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About tinnitus and turning up Ety's. It is pretty simple to know if they are working or not in their job of isolating and wheter you are listening too loud. Just unplug them and if a roar of environmental noise floods in, then hooray everything is probably good and you can or know how to get a good seal.

Unless you can't get a good seal or maybe the ER6's are just that much worse in isolation, I don't particularly see how boosting volume does anything particularly about bass. Masking of frequencies is by proximity...in order to mask low frequency noise, it would require similar low frequency reproduction in the recording. Turning up the volume on your music typically will do little to mask/drown out low frequency noise and it would be foolhardy to do so. You'd just get louder music + same low frequency droning. Maybe a magnetically suspended chair would solve the low frequency issues. Sure low frequency droning noises doesn't make for the ideal listening situation...but it is far more ideal to listen with Ety's on a plane than without. I've traveled with ER4's and they exceeded my expectations. The low frequency droning was not an issue...but I'm sure that could vary on seat position or plane.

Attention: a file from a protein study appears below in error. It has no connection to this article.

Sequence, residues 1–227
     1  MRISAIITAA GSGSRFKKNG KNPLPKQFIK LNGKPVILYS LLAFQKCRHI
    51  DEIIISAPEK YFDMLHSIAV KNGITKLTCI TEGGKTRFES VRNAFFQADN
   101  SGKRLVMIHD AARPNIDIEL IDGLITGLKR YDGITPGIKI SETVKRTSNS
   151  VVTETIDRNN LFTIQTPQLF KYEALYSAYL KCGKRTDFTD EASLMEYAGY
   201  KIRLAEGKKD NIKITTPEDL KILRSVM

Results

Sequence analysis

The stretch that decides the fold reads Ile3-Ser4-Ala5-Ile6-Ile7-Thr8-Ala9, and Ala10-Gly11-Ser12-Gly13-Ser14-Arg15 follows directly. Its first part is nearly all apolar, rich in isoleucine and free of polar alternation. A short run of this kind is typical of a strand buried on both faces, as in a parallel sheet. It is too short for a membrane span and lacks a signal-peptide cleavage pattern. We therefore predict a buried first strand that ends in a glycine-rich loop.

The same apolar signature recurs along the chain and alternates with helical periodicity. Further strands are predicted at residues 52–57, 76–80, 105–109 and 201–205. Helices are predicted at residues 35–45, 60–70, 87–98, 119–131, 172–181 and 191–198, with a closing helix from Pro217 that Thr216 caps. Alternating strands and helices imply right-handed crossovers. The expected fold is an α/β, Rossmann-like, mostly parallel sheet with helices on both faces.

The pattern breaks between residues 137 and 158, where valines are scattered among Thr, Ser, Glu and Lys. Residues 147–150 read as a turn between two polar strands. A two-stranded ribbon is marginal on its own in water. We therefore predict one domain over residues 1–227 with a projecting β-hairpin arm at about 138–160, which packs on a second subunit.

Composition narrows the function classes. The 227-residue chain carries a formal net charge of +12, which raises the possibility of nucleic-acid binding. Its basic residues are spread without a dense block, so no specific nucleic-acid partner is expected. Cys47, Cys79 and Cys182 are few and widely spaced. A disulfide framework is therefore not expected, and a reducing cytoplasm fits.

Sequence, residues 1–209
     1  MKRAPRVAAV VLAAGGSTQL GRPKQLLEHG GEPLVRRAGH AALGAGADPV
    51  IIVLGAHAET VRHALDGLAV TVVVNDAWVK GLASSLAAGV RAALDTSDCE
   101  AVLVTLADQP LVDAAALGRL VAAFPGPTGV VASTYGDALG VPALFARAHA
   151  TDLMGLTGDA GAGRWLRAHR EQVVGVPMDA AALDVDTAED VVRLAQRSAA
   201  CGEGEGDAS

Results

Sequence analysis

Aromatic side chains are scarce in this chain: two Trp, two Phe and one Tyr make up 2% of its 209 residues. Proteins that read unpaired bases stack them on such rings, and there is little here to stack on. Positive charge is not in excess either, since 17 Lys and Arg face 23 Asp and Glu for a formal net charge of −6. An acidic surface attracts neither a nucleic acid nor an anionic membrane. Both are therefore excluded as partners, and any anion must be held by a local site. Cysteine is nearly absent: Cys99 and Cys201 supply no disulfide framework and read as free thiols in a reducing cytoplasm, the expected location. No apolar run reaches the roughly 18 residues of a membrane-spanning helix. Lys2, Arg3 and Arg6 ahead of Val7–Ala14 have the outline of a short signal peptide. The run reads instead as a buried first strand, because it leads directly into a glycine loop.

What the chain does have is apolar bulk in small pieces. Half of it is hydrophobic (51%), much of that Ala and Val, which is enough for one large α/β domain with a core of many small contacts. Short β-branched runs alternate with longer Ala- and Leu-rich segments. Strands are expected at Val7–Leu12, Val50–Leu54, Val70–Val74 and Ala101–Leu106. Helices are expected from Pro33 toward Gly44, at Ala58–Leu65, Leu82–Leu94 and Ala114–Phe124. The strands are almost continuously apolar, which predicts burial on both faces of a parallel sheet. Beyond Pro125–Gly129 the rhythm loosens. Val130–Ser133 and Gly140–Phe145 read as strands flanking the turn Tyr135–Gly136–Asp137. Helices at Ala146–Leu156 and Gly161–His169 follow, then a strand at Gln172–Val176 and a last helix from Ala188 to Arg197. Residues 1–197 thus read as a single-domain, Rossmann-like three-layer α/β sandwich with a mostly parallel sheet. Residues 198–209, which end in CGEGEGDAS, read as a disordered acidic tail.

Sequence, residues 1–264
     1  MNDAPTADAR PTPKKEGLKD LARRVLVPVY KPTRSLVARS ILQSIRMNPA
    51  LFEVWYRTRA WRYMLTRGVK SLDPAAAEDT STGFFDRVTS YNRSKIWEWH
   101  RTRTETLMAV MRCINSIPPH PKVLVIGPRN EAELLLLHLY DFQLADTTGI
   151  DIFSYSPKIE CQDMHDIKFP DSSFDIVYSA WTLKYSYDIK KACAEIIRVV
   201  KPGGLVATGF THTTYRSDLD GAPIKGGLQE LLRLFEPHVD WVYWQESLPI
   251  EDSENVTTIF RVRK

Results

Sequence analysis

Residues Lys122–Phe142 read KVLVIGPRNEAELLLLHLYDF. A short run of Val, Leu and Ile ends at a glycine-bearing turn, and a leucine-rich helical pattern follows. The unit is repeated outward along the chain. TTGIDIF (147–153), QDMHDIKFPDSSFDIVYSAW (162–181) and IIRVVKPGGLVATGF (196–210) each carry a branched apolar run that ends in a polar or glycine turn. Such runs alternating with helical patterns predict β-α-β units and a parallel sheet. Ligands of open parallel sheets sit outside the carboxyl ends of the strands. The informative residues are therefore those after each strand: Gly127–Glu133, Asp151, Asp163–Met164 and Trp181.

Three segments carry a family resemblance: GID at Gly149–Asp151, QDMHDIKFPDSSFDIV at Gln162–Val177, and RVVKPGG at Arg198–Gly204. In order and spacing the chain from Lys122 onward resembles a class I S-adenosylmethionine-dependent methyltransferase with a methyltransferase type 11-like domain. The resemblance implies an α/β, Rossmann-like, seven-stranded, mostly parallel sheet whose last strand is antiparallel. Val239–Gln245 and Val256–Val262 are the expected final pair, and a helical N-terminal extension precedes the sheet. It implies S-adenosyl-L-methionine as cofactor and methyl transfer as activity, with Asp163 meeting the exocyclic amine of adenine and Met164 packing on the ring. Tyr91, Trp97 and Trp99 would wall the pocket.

Also in regards to tinnitus...some people are just prone to listening too loud period...they could probably make themselves deaf in a quiet room with SennHD600 or Ety's as far as I'm concerned. Ety's isolate and have great detail retrieval making them one of the least tinnitus risk phones out there. Also if you aren't one to appreciate Ety's at low to moderate volumes, there typically isn't much extra that I'd think Ety's would deliver at higher volumes.

True you really have no idea how loud you are listening to them...but that is just the thing...it is because they isolate well that you don't have much indication of how loud you are listening UNTIL you take them off. I personally can take them off after a long listening period and instantly think that my computer fan sounds like a jet engine. Likewise it wouldn't be good to take them off and just hear ringing. I would think most people who can get a good seal with Ety's would be in the first camp...while others either don't get a seal, or just like to listen at such high volumes they would probably be just as happy with a Sony VXXX (eventually).

Anyways bottom line is Ety's are earplugs that deliver music. If you do need to turn up the volume over the ambient noise after attenuation to a level that exceeds the ambient noise level before attenuation...than the isolation is suspect, and the seal is also suspect.
 
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MacDEF

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The ER-6 are, empirically, not lacking in bass. The bass is there, it's audible, and it's pretty well balanced with the rest of the frequency spectrum. The problem with hearing it is two-fold: